Walmart’s expansion of Delivery Unlimited, its grocery delivery membership, is the latest attempt by a major retailer to make online grocery shopping more appealing. But better delivery value only addresses cost—not quality.
New research suggests concerns over quality are hindering grocery ecommerce, as many shoppers are wary of buying fresh and frozen goods online, thereby preventing full-basket shopping trips.
An August 2019 eMarketer survey conducted by Bizrate Insights found that online grocery shoppers are twice as likely to buy nonperishables as perishable items. Among shoppers who had purchased groceries online in the past month, 84% bought nonperishables (e.g., packaged snacks, dry goods, etc.) and just 45% bought perishables (e.g., fresh meat, frozen vegetables, etc.).
A separate survey conducted the same month by Bizrate Insights and Varcode, a company that provides digital solutions for monitoring the status and temperature of sensitive goods, found that 25.8% of internet users said they had purchased fresh or frozen goods online for home delivery before, including meat (57%), refrigerated foods (56%) and frozen foods (55%).
Among the nearly three-quarters of respondents who have never ordered groceries online for delivery, concerns about freshness and quality appear to be major impediments to adoption. The same Varcode survey found that 55% of internet users who haven’t ordered fresh or frozen groceries for home delivery cited temperature and freshness as reasons for not having done so. That number is even higher (59.4%) among 18- to 34-year-olds, who represent a key demographic currently driving growth in grocery ecommerce.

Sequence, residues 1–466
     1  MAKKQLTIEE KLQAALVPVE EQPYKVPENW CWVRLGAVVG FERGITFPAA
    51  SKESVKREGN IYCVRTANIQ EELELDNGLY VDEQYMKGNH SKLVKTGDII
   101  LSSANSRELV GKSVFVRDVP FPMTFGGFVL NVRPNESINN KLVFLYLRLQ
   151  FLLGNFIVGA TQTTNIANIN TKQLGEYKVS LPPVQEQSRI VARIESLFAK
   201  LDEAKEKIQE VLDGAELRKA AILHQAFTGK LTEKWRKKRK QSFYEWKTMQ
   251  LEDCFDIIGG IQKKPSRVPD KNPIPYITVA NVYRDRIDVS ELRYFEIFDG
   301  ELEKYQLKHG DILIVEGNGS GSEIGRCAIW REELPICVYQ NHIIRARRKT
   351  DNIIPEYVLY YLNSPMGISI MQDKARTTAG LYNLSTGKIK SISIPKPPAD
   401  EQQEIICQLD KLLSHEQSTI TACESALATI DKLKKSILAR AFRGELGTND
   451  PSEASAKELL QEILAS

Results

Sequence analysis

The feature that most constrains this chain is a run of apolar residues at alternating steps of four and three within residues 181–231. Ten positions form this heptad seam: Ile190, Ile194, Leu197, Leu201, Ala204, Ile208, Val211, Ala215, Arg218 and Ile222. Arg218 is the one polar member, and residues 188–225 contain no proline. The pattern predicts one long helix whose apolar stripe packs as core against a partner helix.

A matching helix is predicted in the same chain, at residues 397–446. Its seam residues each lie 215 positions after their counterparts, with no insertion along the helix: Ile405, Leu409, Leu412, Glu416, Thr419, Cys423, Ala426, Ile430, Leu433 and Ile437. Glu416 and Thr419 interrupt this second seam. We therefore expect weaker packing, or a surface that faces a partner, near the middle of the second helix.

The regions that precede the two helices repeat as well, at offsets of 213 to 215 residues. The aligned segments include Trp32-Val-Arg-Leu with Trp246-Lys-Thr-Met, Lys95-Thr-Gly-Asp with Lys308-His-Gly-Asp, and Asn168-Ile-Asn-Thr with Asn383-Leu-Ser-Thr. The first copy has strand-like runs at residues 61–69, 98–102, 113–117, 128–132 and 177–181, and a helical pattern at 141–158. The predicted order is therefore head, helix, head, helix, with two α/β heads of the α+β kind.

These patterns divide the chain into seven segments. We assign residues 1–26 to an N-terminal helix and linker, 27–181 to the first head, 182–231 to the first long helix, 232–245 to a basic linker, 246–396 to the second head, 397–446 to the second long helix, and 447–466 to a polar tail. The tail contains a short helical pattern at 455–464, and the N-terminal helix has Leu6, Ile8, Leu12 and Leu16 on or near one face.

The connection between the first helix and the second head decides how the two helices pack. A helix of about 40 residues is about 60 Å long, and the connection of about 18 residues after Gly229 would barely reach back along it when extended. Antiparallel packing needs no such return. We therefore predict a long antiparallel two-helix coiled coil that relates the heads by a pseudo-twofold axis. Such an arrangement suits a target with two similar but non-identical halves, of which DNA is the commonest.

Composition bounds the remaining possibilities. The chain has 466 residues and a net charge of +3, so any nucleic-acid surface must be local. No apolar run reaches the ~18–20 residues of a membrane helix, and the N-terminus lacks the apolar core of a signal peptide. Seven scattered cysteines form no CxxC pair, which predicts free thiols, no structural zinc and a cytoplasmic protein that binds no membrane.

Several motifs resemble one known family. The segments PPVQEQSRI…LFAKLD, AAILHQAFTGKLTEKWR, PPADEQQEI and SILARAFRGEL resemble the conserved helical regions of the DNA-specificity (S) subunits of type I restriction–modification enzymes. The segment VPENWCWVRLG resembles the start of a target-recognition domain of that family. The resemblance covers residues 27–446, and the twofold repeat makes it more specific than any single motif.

Online ordering has at minimum a perception problem—if not a legitimate product problem—given the complicated logistics of online food delivery. Another survey by eMarketer and Bizrate Insights conducted in March 2019 asked online shoppers which aspects of online grocery shopping are better than in-store. Shoppers were least likely to believe the food is fresher when they buy it online. What’s more, the Varcode survey found that 7.7% of shoppers who had bought fresh or frozen food online for home delivery thought they or someone they know had gotten sick from eating food that “arrived too warm or spoiled.”
While attributing sickness to temperature issues might be more perception than reality, such skepticism can curb consumer adoption and undercut growth potential.
Proper temperature management across the supply chain is critical to keeping food fresh. It’s much easier to coordinate between warehouses and grocery stores than it is among warehouses, grocery stores, packing operations and last-mile delivery services. The more handoffs in the process and the more time from store shelves to customers’ refrigerators, the greater likelihood that an issue will arise. And customers experience it acutely when their milk or chicken breasts are delivered at room temperature, which can turn them off from the experience as a whole.
Retailers that can guarantee groceries ordered online are as fresh as what shoppers would buy in-store will earn their customers’ trust. Establishing that trust factor as grocery ecommerce hits an inflection point is critical for any grocery retailer that hopes to succeed in this burgeoning landscape.